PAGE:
A lot of people tell me that they don’t want to use treats forever. What people need to understand is that treats are used in the beginning of training. We use the word primary reinforcement to describe treats because they are the first or primary resource that dogs seem to enjoy. Secondary reinforcement examples are toys, touching ( tactile), ice, even hose plays. It is important when you begin training to first use the primary reinforcement (R1) then over time if the behaviors are consistent ( ie the dog does the behavior every time you ask for it) start fading the treats. Using smaller and smaller amounts and substituting touching and praise will move you away from treats. However treats are an important part of the training process and I suggest if you are training a new behavior or trying to correct undesired behavior to use treats initially. Set yourself up for success.

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Positive Reinforcement vs Dominance training


A lot of people want to know what the difference is between positive reinforcement training (PRT) and using dominance training (DT).

It is important when choosing a trainer to know what to expect. A positive reinforcement trainer uses positive stimuli ( treats, toys, affection) to elicit a positive result.
The positives: This is a great way to get results. The dog learns behaviors at their own pace without breaking their spirit. The dog really thinks about the behaviors and emits behaviors because they want to, because the feeling of doing a behavior you ask is more positive or rewarding then disobeying or refusing . Dogs love attention and giving dogs attention for desired behaviors and ignoring behaviors that are undesired is the main principle in positive reinforcement training.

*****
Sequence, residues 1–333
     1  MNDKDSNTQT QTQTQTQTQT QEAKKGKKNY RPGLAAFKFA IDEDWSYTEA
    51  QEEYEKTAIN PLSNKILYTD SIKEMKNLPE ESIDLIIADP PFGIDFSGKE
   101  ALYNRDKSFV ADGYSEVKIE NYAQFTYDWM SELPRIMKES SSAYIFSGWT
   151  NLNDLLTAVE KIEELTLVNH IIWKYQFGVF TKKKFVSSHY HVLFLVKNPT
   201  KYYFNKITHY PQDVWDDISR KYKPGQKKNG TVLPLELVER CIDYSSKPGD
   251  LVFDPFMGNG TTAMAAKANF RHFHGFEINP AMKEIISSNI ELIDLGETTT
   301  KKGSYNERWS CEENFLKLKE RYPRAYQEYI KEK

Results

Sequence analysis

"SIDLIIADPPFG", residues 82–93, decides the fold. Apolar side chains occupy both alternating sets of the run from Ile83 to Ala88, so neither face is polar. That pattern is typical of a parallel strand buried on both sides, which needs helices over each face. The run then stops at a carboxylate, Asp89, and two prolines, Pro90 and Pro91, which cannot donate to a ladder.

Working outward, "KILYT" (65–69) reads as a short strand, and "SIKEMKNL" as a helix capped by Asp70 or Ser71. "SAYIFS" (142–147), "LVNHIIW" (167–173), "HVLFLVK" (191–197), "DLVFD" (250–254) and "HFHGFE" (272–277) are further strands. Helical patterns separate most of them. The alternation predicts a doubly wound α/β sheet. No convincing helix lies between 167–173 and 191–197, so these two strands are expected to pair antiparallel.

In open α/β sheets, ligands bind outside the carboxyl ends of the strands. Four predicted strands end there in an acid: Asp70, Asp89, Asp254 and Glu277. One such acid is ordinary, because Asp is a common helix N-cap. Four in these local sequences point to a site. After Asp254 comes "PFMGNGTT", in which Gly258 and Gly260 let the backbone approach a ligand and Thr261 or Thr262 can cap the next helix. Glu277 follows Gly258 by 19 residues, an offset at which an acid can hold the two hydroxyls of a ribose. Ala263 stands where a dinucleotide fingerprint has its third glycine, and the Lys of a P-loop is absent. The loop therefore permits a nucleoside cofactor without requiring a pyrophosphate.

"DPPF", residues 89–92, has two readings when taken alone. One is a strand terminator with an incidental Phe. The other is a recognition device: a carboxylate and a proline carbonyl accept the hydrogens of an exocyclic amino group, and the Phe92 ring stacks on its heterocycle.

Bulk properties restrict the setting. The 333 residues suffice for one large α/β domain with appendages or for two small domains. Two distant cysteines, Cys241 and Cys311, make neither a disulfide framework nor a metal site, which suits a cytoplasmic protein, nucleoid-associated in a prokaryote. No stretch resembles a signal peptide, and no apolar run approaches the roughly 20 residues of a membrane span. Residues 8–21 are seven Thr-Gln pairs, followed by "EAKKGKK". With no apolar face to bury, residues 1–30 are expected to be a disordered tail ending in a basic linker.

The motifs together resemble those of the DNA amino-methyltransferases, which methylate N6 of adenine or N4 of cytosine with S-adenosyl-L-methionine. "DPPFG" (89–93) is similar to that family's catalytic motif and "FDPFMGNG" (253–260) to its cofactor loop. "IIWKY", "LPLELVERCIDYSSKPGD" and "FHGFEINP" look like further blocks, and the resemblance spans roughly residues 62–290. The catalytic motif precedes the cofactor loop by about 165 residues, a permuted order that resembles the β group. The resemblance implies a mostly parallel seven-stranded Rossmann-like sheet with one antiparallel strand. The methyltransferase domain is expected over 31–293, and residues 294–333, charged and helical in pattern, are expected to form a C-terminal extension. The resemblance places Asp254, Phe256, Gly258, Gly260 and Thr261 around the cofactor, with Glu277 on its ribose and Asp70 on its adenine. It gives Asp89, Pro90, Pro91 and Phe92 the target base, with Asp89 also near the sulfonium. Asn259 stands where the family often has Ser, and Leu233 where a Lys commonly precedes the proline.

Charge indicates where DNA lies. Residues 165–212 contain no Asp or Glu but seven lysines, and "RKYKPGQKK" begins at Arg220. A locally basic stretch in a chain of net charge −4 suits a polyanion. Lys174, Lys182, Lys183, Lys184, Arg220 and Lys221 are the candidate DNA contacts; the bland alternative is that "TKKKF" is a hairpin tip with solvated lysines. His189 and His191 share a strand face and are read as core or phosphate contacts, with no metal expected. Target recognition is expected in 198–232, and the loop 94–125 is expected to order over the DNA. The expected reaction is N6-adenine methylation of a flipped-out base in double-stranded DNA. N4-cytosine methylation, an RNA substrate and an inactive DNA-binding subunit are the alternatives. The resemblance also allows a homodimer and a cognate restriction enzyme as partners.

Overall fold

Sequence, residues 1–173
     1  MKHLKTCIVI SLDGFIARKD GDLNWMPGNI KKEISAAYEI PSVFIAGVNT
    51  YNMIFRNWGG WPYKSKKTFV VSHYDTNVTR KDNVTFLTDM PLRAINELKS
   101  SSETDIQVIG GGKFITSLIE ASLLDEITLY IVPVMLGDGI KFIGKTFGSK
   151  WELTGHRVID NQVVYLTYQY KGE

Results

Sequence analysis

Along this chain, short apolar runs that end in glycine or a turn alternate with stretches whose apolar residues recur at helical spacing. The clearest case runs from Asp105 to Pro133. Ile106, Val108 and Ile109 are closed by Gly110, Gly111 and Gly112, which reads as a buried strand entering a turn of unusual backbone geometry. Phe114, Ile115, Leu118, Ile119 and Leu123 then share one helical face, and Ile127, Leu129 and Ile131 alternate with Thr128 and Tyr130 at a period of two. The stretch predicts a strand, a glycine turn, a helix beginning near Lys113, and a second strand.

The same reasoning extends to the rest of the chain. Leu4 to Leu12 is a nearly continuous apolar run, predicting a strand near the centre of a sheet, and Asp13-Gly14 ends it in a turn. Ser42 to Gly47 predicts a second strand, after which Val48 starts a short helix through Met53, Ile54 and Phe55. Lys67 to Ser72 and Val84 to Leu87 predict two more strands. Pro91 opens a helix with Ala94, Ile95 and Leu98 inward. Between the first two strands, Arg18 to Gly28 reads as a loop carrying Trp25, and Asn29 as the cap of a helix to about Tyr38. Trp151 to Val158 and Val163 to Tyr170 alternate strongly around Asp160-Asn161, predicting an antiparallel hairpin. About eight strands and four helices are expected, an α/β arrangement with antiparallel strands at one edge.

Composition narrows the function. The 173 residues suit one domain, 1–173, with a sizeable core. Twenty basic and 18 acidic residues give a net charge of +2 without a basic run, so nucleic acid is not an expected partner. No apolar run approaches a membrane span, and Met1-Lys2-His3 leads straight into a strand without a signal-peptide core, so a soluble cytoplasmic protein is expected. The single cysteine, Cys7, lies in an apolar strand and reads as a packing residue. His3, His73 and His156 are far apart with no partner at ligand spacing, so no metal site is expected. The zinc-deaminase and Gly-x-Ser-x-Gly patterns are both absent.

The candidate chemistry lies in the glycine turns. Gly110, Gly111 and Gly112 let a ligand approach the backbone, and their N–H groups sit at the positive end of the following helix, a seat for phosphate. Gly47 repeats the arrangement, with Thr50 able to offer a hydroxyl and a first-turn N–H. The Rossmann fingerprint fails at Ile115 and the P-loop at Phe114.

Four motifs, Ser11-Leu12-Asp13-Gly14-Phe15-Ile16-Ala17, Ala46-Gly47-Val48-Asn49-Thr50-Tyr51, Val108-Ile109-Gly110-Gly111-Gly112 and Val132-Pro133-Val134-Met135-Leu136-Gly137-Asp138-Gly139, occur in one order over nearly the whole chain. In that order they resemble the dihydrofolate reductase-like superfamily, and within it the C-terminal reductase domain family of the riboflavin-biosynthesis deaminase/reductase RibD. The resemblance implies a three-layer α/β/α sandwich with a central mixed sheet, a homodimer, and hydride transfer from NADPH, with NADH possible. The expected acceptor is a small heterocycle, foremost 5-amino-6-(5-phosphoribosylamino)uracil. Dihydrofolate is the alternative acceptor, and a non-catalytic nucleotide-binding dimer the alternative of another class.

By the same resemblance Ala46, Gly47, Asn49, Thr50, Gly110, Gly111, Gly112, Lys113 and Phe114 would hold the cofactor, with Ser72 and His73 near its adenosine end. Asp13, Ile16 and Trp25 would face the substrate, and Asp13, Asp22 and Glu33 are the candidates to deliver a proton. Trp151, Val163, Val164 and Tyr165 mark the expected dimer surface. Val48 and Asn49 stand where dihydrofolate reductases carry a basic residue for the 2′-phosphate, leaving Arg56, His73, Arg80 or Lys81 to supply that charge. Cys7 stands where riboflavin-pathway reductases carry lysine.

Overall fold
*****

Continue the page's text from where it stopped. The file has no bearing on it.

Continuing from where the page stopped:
Negatives: people call PRT “cookie cutter” or “treat obsessed”. PRT does take longer for desired results than DT.

Dominance training: DT uses force or negative stimuli to get results. To avoid punishment the dog through trail and error emits the desired behavior.
Positives: quicker results. Dogs most likely do not exhibit the undesired behavior do to avoiding punishment .
Negatives: using force and scare tactics can break the dogs spirit.

Owners differ and the way they prefer to train, in turn, are different. Here is an example of a trained behavior and how each training technique gets results.

ie: dog jumping up.

PRT- if the dog is jumping up the trainer will either ignore the behavior by turning your back the second the dog stops jumping reinforce that behavior. Over time the undesired behavior subsides and the problem is solved . Or the trainer redirects and if the dog has had basic obedience training, simply ask the dog as he is running up to sit before he jumps and reinforce that behavior. Eventually the dog will sit when you return do to all the reinforcement they received for sitting.

DT- if the dog is jumping the trainer might knee the dog in the chest when he jumps up. To avoid being kneed the dog stops jumping.

Both techniques work but it depends on how you, as the owner, prefer to train the dog.
A lot needs to come into play when finding a trainer. A good trainer will observe your dog, ask about their past, observe their environment and understand why the dog might be emitting undesired behaviors. A poor trainer can misuse either of these techniques resulting in no or worst results.

So bottom line is : check credentials, ask the trainer what training method they prefer and why.